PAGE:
Chiefs chocolate chip cookies

While there is no specific dessert that defines the Heart of America, you can still show your Kansas City pride with these ever-colorful Chiefs chocolate chip cookies.

Make sure to have your food dye handy, because the red and yellow hue of these cookies are sure to show everyone whose side you are on.

Or, if you’re feeling artistic, design an eye-catching Chiefs jersey out of the fan-favorite rice krispie treats. Whether you make Patrick Mahomes, Travis Kelce or Chris Jones, you’ll have the tastiest Super Bowl jerseys around.

How to watch the Super Bowl 2023 – Philadelphia Eagles vs Kansas City Chiefs:

Check out ProFootballTalk for more on the 2023 NFL Playoffs as well as game previews, picks, recaps, news, rumors and more. 

How to watch Super Bowl 2023: TV channel, live stream info, start time, halftime show, and more

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Super Bowl 2023 takes place on Sunday, February 12 at 6:30 PM ET at State Farm Stadium–home of the Arizona Cardinals–in Glendale, Arizona as Jalen Hurts and the Philadelphia Eagles will look to win their second Lombardi Trophy in franchise history and Patrick Mahomes and the Kansas City Chiefs make their third Super Bowl appearance in the last four seasons.

Not only will the match up feature two top seeds for the first time since 2017, but Super Bowl 2023 will be especially monumental because this is the first time that two Black quarterbacks will face each other in the league’s biggest game of the year.

RELATED: What to know about the 2023 Pro Bowl –  Dates, how to watch/live stream info, AFC, NFC coaches, competition schedule

Super Bowl 2023 will be nothing short of exciting, see below for additional information on how to watch/live stream the game as well as answers to all your frequently asked questions.

How to Watch Super Bowl 2023 – Philadelphia Eagles vs Kansas City Chiefs

  • Date: Sunday, February 12
  • Where: State Farm Stadium in Glendale, Arizona
  • Time: 6:30 p.m. ET
  • TV Network: Fox

Who is playing in Super Bowl 2023?

The Philadelphia Eagles and the Kansas City Chiefs.

RELATED: What to know about Super Bowl 2023 – Date, location, halftime performance info, and much more

Who is the home team in Super Bowl 2023 and how is it determined?

The Philadelphia Eagles are the home team in Super Bowl 2023. The designated home team alternates each year between the NFC and AFC champions. If it is as odd-numbered Super Bowl, the NFC team is the designated home team. If it as even-numbered Super Bowl, the AFC team is the designated home team.

Which teams have been eliminated from the 2023 NFL Playoffs?

The Seattle Seahawks, Miami Dolphins, Minnesota Vikings, Los Angeles Chargers, Baltimore Ravens, Tampa Bay Buccaneers, Jacksonville Jaguars, New York Giants, Buffalo Bills, Dallas Cowboys, San Francisco 49ers and Cincinnati Bengals have all been eliminated from the 2023 NFL playoffs.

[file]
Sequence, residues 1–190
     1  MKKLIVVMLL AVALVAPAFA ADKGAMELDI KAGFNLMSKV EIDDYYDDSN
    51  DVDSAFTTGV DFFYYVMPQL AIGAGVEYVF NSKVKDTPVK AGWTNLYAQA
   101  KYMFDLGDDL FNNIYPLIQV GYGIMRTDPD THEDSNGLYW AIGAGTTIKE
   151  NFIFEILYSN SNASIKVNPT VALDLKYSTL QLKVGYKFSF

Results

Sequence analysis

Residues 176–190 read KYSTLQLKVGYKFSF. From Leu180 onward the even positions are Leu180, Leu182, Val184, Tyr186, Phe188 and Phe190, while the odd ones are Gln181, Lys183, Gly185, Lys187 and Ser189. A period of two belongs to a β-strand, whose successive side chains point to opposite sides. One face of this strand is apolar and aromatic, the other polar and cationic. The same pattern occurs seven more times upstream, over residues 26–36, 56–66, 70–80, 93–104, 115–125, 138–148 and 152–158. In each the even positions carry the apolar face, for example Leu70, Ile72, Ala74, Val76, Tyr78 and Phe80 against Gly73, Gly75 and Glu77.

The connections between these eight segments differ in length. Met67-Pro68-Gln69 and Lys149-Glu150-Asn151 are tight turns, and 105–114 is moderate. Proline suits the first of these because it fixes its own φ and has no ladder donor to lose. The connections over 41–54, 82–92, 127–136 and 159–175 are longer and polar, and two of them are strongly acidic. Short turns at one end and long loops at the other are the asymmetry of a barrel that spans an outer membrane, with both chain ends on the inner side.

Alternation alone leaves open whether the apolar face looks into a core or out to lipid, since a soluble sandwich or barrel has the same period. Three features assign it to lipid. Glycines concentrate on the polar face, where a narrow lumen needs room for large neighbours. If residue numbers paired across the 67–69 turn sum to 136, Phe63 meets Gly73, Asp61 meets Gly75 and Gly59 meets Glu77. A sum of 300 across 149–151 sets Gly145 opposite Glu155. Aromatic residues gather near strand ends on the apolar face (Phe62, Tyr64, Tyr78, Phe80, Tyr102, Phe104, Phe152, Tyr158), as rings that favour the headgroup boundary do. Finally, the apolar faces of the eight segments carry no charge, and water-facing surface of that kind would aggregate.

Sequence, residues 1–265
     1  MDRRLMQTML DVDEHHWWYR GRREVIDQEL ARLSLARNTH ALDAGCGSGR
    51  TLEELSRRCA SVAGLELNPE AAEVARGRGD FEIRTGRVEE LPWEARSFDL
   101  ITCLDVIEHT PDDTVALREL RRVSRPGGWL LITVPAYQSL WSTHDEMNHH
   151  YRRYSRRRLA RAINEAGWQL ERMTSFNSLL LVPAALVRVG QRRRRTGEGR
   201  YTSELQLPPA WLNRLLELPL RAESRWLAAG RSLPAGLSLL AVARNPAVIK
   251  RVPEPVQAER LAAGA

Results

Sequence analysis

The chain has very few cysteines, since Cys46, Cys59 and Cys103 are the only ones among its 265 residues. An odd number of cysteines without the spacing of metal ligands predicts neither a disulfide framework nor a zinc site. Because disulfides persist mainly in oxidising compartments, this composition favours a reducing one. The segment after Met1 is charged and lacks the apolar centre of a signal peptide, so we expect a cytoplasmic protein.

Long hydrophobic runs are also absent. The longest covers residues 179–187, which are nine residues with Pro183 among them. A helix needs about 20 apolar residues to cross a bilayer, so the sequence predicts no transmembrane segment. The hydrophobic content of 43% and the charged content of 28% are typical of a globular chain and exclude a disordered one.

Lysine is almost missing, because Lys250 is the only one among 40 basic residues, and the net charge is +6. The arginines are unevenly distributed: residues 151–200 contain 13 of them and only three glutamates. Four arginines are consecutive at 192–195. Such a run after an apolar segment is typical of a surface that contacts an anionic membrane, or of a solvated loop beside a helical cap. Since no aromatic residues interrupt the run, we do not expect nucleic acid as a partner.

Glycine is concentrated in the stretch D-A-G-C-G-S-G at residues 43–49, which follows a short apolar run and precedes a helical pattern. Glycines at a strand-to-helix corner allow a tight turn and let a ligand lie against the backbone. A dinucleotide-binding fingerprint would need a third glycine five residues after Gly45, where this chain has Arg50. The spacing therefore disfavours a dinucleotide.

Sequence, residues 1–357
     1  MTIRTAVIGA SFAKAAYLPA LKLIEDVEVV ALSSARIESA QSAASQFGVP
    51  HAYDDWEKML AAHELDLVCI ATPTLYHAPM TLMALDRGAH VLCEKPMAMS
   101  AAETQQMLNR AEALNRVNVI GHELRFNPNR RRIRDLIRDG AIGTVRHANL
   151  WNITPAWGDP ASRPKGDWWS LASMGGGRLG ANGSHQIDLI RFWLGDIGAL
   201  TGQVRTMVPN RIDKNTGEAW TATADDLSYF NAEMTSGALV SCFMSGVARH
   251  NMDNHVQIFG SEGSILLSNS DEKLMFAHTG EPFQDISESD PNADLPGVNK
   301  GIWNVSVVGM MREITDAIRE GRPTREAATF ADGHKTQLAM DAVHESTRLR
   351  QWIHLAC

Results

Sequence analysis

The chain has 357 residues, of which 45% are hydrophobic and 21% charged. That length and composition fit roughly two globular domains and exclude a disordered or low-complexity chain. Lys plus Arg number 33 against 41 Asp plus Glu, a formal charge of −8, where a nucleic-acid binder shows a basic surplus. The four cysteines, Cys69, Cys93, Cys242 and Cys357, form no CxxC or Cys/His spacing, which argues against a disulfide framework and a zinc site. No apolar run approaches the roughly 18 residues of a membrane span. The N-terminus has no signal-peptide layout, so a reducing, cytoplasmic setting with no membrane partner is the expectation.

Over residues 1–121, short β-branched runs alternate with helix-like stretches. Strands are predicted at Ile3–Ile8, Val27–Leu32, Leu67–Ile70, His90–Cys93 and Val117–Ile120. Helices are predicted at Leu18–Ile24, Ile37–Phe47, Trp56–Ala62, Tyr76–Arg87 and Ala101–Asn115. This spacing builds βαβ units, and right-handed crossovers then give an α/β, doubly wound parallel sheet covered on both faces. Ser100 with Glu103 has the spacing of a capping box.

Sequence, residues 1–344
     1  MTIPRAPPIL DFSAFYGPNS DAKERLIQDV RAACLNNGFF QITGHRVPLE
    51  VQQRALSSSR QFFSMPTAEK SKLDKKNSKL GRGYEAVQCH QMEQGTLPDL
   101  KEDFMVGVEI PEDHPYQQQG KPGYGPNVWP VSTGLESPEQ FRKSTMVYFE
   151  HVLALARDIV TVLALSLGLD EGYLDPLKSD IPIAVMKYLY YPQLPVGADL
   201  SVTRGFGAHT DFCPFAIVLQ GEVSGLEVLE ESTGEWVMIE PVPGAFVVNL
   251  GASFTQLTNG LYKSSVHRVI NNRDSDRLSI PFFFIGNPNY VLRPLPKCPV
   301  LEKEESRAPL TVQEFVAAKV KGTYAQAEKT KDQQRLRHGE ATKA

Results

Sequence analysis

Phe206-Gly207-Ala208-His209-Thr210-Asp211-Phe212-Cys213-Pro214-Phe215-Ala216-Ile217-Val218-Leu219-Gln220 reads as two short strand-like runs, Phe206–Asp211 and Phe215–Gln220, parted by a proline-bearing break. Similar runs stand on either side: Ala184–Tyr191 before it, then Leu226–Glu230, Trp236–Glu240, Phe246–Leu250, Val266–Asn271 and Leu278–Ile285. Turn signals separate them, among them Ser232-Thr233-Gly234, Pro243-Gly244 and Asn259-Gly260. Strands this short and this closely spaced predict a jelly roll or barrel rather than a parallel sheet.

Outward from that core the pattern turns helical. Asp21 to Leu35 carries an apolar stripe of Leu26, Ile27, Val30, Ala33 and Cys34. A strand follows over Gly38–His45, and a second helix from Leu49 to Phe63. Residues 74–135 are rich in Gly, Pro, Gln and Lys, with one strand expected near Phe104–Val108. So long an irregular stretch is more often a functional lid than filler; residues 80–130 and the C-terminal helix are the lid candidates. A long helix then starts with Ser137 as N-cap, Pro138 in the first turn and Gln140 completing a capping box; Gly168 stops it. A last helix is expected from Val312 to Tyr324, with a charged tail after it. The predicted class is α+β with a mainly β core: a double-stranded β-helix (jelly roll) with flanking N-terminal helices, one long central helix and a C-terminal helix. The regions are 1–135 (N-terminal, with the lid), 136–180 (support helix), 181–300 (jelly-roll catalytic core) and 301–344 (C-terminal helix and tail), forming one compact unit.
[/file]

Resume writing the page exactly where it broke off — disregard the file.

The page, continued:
RELATED: 2023 NFL Playoffs scores: Final bracket, recaps, results for every AFC and NFC postseason game

Who is performing the halftime show at Super Bowl 2023?

It was announced in September, that international popstar, entrepreneur, and philanthropist Rihanna will headline the halftime show at Super Bowl 2023.

RELATED: Super Bowl 2023 – What to know about national anthem, pregame performers ahead of Super Bowl LVII

Why does the NFL use Roman numerals?

AFL and Chiefs founder Lamar Hunt proposed using Roman numerals for each Super Bowl to add pomp and gravitas to the game. Roman numerals were, unsurprisingly, used in ancient Rome as a number system. I stands for 1, V for 5, X for 10, L for 50 and C for 100. That’s right: In 2066, get ready for Super Bowl C.

Super Bowl V was the first to use Roman numerals. They were retroactively added to the Super Bowl II to IV logos and have been used each year since⁠ until 2016. For Super Bowl L, or 50, the NFL tried out 73 different logos before breaking down and using a plain old “50.”

The Roman numerals for this year’s big game, Super Bowl 57, are LVII.

RELATED: Super Bowl halftime shows – Ranking the 10 best Super Bowl halftime show performances in NFL history

How many Super Bowls have the Eagles won in franchise history?

The Eagles have won just one Super Bowl title in franchise history, however, Super Bowl LVII will be their fourth Super Bowl appearance in franchise history.

RELATED: Philadelphia Eagles Super Bowl History

How many Super Bowls have the Chiefs won in franchise history?

The Chiefs have won two Super Bowls in franchise history (1969 and 2019). Super Bowl LVII will be the franchise’s fifth Super Bowl appearance.

RELATED: Kansas City Chiefs Super Bowl History

Who was the first Black quarterback to play in a Super Bowl?

Doug Williams was the first Black quarterback to start and win a Super Bowl. Williams, a product of Grambling State–a historically Black university–achieved the milestone on January 31, 1988 in Super Bowl XXII as the QB for Washington.

RELATED: FMIA Conference Championships – Eagles rout Niners, Chiefs outlast Bengals to set Super Bowl LVII stage